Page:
“Game changing” tachograph sensing technology that can identify if an HGV driver is flouting tacho laws without the vehicle being stopped is being trialled by the DVSA.

The enforcement agency can use the equipment while travelling alongside a lorry or at the roadside and it is being deployed in an effort to prevent dangerously tired drivers from getting behind the wheel.

The DVSA is still seeing cases of serious and deliberate violations, with 1,317 drivers’ hours prohibitions issued to HGV, PCV and applicable light CV drivers during the 2021/22 financial year.

The technology, dedicated short-range communication (DSRC), pulls data from vehicles fitted with smart tachographs while they are on the move by picking up information from a smart tacho’s antennae.

DVSA traffic examiners will be able to detect violations such as if a tachograph card is not inserted, if the card has been tampered with and also whether it has been correctly calibrated.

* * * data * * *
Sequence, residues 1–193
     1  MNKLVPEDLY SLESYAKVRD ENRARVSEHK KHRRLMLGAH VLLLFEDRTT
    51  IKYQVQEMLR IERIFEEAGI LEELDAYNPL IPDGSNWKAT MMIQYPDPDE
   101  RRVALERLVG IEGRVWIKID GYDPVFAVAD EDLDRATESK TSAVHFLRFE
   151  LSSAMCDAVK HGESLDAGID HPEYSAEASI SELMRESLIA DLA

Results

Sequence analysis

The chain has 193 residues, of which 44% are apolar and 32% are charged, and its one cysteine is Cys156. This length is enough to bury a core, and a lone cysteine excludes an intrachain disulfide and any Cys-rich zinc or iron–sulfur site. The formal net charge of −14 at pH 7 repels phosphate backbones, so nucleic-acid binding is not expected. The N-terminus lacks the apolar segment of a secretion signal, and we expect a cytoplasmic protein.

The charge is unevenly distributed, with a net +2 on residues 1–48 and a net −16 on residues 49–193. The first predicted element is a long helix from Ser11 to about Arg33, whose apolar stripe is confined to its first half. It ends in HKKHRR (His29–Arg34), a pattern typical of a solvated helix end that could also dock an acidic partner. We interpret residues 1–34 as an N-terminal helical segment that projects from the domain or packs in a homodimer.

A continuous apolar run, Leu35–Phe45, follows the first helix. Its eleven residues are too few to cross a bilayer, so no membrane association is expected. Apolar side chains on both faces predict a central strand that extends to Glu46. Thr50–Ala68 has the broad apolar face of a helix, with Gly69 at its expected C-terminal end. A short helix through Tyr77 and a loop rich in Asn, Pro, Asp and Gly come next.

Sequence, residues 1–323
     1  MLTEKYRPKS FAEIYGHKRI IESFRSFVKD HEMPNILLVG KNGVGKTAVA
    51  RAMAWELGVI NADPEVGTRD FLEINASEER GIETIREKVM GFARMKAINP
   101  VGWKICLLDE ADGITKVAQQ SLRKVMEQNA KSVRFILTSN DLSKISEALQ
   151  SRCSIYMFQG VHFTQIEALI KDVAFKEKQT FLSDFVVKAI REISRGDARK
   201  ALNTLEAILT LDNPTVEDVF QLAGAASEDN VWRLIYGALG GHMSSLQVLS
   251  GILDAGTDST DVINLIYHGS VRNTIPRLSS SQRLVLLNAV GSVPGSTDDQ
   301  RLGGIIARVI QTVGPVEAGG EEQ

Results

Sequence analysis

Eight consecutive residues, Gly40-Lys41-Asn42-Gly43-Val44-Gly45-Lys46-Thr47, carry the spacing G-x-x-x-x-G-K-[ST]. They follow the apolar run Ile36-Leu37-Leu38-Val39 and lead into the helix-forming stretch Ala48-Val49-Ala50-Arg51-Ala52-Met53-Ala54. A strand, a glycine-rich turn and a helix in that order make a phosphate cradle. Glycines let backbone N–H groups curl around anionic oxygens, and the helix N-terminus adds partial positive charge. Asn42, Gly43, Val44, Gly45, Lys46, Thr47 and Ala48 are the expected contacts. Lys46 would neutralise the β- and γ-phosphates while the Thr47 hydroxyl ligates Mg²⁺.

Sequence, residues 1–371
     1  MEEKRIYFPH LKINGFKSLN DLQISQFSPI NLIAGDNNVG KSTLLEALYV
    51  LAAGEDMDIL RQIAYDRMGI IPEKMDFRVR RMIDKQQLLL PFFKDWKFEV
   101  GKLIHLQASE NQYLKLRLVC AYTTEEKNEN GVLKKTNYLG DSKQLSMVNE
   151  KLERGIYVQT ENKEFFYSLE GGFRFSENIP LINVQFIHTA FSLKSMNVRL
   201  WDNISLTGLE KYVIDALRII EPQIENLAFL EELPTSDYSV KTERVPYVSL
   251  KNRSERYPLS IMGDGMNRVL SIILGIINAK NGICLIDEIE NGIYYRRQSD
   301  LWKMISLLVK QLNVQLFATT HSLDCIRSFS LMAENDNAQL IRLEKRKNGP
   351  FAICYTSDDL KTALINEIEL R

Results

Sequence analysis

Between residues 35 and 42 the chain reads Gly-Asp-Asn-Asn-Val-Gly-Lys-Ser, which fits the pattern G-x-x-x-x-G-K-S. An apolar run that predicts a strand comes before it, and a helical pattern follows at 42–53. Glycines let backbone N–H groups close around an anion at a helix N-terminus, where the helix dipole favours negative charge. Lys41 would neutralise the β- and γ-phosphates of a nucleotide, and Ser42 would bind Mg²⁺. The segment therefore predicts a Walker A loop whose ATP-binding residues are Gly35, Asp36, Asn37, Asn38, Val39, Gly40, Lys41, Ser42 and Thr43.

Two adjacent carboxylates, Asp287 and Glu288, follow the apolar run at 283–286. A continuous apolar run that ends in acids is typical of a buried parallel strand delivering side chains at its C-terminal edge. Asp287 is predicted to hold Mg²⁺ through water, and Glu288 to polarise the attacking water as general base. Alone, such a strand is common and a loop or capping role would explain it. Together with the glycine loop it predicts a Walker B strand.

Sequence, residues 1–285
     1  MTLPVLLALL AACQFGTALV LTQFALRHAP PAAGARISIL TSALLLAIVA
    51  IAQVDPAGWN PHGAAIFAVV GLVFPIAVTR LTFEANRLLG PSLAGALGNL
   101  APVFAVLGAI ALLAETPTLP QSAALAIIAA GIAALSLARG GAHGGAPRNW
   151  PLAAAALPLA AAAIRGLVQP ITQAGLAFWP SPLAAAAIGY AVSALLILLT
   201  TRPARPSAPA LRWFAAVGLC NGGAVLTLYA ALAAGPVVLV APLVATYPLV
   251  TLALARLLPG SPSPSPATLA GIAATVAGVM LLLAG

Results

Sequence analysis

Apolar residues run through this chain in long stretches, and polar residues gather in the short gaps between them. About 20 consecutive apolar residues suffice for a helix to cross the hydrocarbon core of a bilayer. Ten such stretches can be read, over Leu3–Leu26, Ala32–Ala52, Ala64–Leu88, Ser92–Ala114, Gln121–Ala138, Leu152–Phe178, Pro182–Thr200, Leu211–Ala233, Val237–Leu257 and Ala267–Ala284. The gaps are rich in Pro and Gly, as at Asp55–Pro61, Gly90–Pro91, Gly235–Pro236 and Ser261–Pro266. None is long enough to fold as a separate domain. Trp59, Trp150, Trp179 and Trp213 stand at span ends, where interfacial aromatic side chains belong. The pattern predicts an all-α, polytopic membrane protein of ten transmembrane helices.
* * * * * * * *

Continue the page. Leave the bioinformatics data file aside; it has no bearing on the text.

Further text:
They can then read, interrogate and act on this data and stop a truck to verify the information and take appropriate action.

Read more

The agency said it hoped DSRC, already in use in Europe, will provide it with greater capabilities to identify drivers’ hours offences, as well as offering greater agility and unpredictability as the tools can be fixed to a stand, attached to buildings or highway infrastructure, or used on a vehicle.

Caroline Hicks, DVSA head of regulatory services and transformation, said: “We are committed to exploring every available opportunity to help us prevent dangerously tired drivers putting themselves and the everyday road user at serious risk.

“The new technology is a potential game changer in identifying tachograph violations.

“We’re also excited to see where this leads in helping us identify operators who knowingly break all kinds of safety rules.”

Last month, the DVSA also started using a mobile inspection unit, which includes a roller brake tester, under vehicle cameras and tacho analysis equipment, to identify dangerous drivers and take them off the roads.